I see that Amitav Ghosh had the misfortune of reviewing Updike's The Terrorist in the WaPo. Ghosh has struck the pitch perfect note here:
With innumerable lives at stake, when Jack Levy finds himself faced with the task of giving Ahmad a reason to live and let live, he says: "Hey, come on, we're all Americans here. That's the idea, didn't they tell you that at Central High? Irish-Americans, African-Americans, Jewish-Americans; there are even Arab-Americans." Not a word about humanity, family, friendship, sport, poetry, love, laughter. It is as if a belief in American multiculturalism is the only good reason a human being could have for staying alive. Why indeed do the billions of non-Americans who walk this Earth refrain from blowing themselves up? I suspect that Updike really cannot see that they have any good reason not to.
This better not be up for any Bookers. Also, heh.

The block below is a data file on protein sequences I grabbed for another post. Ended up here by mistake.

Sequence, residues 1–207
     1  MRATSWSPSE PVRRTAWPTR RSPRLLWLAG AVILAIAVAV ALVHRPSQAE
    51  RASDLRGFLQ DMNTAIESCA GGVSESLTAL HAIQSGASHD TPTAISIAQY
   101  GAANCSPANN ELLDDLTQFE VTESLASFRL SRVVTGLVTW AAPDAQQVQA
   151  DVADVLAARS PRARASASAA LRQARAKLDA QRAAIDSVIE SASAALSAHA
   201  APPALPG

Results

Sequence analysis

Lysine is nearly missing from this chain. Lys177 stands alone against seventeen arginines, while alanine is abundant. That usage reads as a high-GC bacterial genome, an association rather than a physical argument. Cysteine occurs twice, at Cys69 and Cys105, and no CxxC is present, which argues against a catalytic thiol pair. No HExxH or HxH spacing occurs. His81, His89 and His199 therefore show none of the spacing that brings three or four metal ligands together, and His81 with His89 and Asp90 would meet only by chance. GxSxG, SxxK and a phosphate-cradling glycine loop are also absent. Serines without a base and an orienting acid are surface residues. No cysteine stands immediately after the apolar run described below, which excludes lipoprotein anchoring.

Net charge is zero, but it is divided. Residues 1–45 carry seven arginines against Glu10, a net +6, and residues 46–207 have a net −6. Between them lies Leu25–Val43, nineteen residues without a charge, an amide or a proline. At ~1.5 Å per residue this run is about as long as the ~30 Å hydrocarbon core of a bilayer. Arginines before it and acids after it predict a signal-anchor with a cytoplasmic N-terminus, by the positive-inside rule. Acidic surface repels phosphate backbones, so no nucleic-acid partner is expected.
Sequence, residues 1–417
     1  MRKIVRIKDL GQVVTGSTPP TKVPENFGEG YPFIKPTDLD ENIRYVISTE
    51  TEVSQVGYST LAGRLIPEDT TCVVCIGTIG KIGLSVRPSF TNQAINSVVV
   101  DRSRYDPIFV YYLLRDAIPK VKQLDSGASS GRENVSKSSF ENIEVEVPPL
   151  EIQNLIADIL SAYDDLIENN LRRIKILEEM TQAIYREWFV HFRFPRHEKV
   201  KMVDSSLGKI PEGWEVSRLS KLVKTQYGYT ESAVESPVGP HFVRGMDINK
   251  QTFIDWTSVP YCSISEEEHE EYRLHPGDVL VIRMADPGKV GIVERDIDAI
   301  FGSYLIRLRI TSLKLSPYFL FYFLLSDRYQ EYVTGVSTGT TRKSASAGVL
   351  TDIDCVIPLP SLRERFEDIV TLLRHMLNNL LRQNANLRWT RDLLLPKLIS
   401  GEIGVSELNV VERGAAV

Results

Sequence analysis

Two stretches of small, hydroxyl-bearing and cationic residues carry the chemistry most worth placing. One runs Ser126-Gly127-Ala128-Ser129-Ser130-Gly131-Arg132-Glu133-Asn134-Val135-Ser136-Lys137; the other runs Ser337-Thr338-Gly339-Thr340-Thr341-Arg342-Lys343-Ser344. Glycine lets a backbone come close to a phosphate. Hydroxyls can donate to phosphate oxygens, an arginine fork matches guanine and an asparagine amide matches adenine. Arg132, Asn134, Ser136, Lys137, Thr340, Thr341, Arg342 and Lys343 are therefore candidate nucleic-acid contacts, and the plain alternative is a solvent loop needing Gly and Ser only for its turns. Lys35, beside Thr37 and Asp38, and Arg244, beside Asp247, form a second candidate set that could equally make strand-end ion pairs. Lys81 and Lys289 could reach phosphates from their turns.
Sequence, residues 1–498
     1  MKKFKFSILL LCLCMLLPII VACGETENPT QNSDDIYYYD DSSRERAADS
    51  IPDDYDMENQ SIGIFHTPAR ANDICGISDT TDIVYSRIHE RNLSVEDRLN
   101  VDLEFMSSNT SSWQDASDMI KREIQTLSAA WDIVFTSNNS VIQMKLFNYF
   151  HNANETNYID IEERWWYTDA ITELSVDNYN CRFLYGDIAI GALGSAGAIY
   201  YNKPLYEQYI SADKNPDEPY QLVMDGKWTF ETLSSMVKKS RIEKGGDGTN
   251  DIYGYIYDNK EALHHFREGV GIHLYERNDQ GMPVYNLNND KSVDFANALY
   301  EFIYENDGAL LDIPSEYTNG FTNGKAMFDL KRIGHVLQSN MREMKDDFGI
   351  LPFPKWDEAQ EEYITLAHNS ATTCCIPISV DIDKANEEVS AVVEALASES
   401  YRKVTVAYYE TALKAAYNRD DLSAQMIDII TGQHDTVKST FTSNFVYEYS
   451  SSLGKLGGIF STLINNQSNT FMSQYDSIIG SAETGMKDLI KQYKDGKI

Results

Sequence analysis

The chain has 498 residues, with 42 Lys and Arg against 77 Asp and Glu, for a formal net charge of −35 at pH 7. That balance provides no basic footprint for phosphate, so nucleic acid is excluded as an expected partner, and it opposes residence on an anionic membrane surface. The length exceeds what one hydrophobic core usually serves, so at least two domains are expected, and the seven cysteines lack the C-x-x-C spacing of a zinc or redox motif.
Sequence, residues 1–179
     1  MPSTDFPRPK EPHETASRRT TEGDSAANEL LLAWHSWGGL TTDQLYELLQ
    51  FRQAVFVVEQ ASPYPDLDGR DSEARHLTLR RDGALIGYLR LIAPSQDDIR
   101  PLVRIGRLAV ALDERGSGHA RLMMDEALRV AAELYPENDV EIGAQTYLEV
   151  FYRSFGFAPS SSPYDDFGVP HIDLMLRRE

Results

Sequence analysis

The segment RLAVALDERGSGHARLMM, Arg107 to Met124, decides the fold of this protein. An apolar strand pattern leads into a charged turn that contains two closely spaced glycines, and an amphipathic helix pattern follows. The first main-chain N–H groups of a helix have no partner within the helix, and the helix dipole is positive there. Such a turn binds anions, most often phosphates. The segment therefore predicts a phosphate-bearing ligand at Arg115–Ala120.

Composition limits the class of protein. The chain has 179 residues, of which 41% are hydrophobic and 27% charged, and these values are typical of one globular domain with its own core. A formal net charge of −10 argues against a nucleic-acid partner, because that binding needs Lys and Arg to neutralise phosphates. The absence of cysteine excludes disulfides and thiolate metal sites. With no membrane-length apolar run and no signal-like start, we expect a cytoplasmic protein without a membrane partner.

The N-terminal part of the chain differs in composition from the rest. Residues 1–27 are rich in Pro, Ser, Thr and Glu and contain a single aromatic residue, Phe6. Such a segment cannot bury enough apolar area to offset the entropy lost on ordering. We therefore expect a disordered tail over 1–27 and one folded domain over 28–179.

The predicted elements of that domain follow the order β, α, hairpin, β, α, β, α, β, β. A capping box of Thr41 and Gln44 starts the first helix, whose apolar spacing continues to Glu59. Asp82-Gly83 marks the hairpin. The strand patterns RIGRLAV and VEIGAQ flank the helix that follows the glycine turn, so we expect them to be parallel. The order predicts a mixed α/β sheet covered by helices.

Updike, as a yank, is ineligible for the Booker, though I guess he is eligible for the Booker Int'l, which is a prize I've never heard of, and only have heard of while making sure that I remembered the rules of Booker eligibility right. As for your point--it's a pretty valid one. What's abandoned are universalizing claims, as all that is universally binding is the neolib market. No one wants to say, "hey--all of us--we're all free agents, theoretically able to enter into and leave contracts." Any other claims to universality could lead to movements that challenge the seeming inevitability of the market, so, instead, we're perversely united in that we all have our separate identity groups. *shrug*. I'm not doing a good job of explaining this, but I could give Updike a short reading list so he wouldn't look like such a clown. In fact, just one book will do: "Black no More."
Yes, the Levy character appears to give a lame reason why Ahmad should not blow himself up, but Ahmad himself ponders a better reason: God wants to create, not to destroy. Sadly, Ghosh missed it.